It is not often that competitors compliment each other in the auto industry, but it looks like Tesla and Volkswagen are doing just that. After a tweet last month by Tesla CEO Elon Musk praising the progress Volkswagen is making in electrification, Volkswagen CEO Herbert Diess returned the favor last week when he admitted that Tesla is a serious rival. With Volkswagen naming Tesla as a major competitor for the electric car market, perhaps other legacy automakers will soon admit that Tesla is no passing fad.
Volkswagen Names Tesla As Serious Competitor
It all went down last week at VW’s official presentation of the new Golf Mk8, where reporters commented that Tesla is in trouble because of its small size while engaging with Diess. Diess was quick to rebuke such a notion. “Tesla is not niche,” Diess said during the German press conference. “The Model 3 is a large-series model and they are one of the biggest manufacturers of electric-car batteries.”
He did not stop there. “We have a lot of respect for Tesla,” he said later. “It’s a competitor we take very seriously.”
Volkswagen’s CEO pushed on to acknowledge that Tesla’s global expansion is likely going to face challenges. It all hinges on whether or not capital markets will keep pumping money into the company to fund its growing operations. “Scaling up globally is difficult,” Diess said. “The car industry is very capital intense, and electric cars make it even more capital intense.”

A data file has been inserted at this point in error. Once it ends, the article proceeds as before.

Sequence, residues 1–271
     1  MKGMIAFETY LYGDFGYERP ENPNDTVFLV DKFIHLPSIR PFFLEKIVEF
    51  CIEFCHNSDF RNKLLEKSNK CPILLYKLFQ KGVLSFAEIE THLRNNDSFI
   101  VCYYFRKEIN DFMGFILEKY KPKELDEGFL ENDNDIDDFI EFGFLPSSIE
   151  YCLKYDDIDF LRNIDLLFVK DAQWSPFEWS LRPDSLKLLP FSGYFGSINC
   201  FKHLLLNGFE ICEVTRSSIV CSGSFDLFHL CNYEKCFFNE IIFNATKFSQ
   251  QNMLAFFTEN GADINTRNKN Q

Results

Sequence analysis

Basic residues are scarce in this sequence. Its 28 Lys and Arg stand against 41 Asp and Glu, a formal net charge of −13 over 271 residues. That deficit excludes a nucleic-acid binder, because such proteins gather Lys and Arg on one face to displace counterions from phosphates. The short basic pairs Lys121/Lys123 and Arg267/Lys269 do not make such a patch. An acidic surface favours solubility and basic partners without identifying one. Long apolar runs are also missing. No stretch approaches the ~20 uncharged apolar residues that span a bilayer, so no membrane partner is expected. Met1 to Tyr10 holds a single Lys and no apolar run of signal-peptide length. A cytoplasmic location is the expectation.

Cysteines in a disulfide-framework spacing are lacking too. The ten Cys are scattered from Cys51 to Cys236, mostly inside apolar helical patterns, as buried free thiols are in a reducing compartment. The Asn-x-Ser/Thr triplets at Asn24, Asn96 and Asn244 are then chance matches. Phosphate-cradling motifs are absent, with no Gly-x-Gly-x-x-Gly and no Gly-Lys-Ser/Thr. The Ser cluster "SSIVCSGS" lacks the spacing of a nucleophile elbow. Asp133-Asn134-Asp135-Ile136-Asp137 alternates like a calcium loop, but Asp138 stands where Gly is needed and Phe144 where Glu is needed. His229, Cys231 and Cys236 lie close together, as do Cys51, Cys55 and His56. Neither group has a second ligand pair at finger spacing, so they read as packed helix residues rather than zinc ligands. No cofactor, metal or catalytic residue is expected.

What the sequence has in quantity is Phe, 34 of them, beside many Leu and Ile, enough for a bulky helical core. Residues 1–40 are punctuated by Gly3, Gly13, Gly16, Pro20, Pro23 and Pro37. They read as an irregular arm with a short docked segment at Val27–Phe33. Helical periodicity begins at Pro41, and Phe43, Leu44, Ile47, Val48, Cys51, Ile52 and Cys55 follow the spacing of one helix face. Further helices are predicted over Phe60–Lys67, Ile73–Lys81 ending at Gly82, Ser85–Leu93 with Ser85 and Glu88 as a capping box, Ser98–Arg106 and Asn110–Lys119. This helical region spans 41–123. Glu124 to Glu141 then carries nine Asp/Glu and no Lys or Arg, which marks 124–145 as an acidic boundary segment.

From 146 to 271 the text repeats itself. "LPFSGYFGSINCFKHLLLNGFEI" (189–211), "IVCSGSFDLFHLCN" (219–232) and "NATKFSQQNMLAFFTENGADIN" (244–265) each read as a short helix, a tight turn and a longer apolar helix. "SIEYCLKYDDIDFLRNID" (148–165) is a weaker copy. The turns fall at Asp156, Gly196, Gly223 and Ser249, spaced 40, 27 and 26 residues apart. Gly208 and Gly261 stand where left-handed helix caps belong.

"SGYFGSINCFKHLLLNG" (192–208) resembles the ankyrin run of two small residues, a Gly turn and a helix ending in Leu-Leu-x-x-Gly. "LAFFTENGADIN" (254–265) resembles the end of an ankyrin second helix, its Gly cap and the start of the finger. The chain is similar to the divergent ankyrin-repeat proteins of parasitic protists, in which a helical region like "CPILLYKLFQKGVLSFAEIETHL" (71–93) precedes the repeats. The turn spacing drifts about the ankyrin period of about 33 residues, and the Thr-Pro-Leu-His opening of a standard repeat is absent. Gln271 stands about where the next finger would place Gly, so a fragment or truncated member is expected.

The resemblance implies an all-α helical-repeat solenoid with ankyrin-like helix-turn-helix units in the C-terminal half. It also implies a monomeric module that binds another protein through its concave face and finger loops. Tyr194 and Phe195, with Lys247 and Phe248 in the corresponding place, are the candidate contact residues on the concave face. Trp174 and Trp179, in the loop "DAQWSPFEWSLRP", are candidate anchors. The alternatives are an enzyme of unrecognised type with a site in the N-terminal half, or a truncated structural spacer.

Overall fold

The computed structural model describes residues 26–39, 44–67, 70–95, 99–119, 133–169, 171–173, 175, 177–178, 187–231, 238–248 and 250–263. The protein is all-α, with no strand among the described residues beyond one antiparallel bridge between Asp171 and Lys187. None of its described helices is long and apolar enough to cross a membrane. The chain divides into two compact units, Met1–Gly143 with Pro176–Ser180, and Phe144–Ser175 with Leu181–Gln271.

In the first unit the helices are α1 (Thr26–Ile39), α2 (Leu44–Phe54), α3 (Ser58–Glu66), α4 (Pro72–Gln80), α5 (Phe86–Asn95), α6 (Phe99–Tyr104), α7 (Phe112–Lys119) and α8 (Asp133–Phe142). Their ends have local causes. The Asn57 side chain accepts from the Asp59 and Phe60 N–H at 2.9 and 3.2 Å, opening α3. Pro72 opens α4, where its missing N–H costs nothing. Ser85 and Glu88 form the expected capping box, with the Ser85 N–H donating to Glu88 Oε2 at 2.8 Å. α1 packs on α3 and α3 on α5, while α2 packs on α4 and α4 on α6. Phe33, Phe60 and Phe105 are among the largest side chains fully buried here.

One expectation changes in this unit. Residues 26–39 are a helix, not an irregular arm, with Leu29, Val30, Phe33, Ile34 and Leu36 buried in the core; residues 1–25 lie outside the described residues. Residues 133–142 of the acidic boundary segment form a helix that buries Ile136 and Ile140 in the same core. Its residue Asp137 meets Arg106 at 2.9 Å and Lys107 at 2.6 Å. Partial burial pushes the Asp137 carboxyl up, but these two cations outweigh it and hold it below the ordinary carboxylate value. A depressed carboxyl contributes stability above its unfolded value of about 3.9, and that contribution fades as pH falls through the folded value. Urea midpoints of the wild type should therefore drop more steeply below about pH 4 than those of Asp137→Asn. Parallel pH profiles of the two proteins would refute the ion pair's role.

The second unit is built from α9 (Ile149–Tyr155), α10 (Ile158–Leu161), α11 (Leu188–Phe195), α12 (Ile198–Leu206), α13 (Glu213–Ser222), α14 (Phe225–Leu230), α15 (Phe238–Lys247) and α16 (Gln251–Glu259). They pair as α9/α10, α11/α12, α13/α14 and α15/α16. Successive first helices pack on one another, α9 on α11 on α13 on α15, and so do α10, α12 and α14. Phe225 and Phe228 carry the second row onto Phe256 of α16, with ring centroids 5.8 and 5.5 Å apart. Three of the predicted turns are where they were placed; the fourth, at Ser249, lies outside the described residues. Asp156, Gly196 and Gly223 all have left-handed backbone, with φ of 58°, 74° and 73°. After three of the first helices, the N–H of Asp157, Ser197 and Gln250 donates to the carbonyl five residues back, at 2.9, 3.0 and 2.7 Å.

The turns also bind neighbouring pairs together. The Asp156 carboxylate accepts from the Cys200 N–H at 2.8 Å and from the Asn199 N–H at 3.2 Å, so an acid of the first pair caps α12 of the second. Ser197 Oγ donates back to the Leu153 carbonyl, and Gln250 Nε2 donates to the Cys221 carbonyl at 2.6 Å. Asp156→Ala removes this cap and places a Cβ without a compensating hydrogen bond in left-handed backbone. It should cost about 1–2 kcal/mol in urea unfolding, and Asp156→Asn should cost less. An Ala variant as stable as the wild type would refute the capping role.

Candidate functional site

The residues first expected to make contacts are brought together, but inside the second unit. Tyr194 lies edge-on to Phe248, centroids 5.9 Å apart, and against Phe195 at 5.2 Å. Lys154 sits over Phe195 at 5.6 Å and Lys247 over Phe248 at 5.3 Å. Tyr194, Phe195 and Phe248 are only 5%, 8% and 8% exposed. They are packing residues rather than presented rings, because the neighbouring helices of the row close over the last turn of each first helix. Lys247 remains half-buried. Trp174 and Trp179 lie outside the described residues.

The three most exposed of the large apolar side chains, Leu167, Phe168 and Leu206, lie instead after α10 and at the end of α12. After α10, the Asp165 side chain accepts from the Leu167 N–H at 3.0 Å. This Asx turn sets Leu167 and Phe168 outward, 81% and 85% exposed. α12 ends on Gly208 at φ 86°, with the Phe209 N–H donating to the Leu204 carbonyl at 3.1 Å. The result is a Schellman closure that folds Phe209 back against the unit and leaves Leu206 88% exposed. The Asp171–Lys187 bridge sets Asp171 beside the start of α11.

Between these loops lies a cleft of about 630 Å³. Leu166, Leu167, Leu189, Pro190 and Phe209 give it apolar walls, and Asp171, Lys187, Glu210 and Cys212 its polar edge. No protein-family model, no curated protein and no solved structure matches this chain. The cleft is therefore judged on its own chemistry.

Diess’s comments came on the same day that Musk announced the quarterly profit report for Tesla, after which the good news sent Tesla stock soaring by 18 percent. That is the biggest jump Tesla stock has seen in over six years.
“For What It’s Worth, He Has My Support.”
While it is not certain, the praise may have been in response to a comment Musk made last month on Twitter, after Diess faced renewed scrutiny regarding Volkswagen’s four-year-old ‘Dieselgate’ scandal.
“Herbert Diess is doing more than any big carmaker to go electric. The good of the world should come first,” Musk tweeted. “For what it’s worth, he has my support.”
Volkswagen has come a long way since the dark days of 2015 when it found itself firmly entrenched in the Dieselgate scandal after deliberately distorting emissions tests on their diesel engines. Volkswagen appears determined to move past the disgrace by investing a lot of enthusiasm and money into the electric car revolution. The German automaker plans to ramp up production of electric vehicles to 22 million over the next ten years and reduce its carbon footprint over the life cycle of its vehicles by 30 percent.
VW has also developed a modular all-electric platform (or MEB), which should power dozens more cars and SUVs across the Volkswagen family of brands. This will allow for the mass-production of long-range, all-electric vehicles that will be hitting the market starting next year.